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Liquid Fuel Vaporization Process Built Inside Wankel Rotary Engines
ISSN: 0148-7191, e-ISSN: 2688-3627
Published October 02, 2012 by SAE International in United States
Annotation ability available
The purpose of this paper is to describe a novel liquid fuel conditioning process that is incorporated within a Wankel type rotary engine. The process takes place inside three small vaporization chambers attached to the engine rotor. After an injected liquid fuel has evaporated and superheated inside a vaporization chamber, it is transferred via a transfer port into a moving chamber near the middle of a compression phase to form a stratified mixture with a prevailing fresh air charge. Combustion is triggered by a spark. Near the end of an expansion phase hot combustion products enter the vaporization chamber via an entrapment port. Thereafter, those products are entrapped inside the vaporization chamber during about 180° of rotor rotation.
Unlike spark ignition, compression ignition or homogeneous charge compression ignition engines, here the liquid fuel is injected into the vaporization chamber during the exhaust phase of a preceding cycle. Fuel droplets absorb heat from the hot entrapped combustion products and vaporization chamber walls, where they evaporate and reach a superheated gaseous state. Calculations predict that the residence time available inside a typical vaporization chamber of an engine running at 7,000 RPM is sufficient to evaporate and superheat diesel fuel droplets of 100 micron SMD.
It is anticipated that this novel concept could substantially reduce the untreated emission levels of nitrogen oxides, carbon monoxide, particulate matter and unburned hydrocarbons when compared to contemporary Wankel type rotary engines. This projection implies that less costly and simpler after-treatment devices will suffice to comply with emission standard regulations.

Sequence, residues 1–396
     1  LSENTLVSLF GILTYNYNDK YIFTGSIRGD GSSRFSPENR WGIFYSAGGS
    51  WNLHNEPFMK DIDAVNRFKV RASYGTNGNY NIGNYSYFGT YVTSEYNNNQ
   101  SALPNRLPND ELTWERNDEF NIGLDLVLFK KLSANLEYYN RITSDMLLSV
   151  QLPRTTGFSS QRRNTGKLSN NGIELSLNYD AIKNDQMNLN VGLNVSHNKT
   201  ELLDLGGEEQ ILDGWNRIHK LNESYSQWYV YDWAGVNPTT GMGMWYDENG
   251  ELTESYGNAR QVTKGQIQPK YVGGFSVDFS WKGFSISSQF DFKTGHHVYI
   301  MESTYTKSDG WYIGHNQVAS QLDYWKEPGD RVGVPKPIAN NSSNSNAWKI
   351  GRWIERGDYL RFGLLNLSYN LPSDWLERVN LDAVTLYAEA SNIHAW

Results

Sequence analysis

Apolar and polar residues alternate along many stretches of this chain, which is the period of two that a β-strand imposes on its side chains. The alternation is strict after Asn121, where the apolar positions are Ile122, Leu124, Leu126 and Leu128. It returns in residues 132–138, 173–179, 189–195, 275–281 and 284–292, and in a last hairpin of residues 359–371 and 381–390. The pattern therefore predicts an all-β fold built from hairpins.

An improvement in engine fuel economy is expected because: (1) efficient and stable stratified combustion process, (2) unthrottled operation and (3) faster heat release rate than that corresponding to present-day Wankel type rotary engines.
The moving chamber exhibits an over-elongated contour that develops while it is rotating around top dead center whose geometry allows running on much lower octane rated gasoline than a comparable piston engine. Also, because the fuel is vaporized, diesel knocking is prevented and therefore the fuel does not need to be rated for high-octane or cetane numbers. This feature allows the engine to efficiently employ gasoline or diesel fuels without additives or blends. Additionally, the system is expected to effectively utilize low-cost petroleum-derived fuel, biodiesel and vegetable oil.
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CitationTrucco, H., "Liquid Fuel Vaporization Process Built Inside Wankel Rotary Engines," SAE Technical Paper 2012-36-0124, 2012, https://doi.org/10.4271/2012-36-0124.
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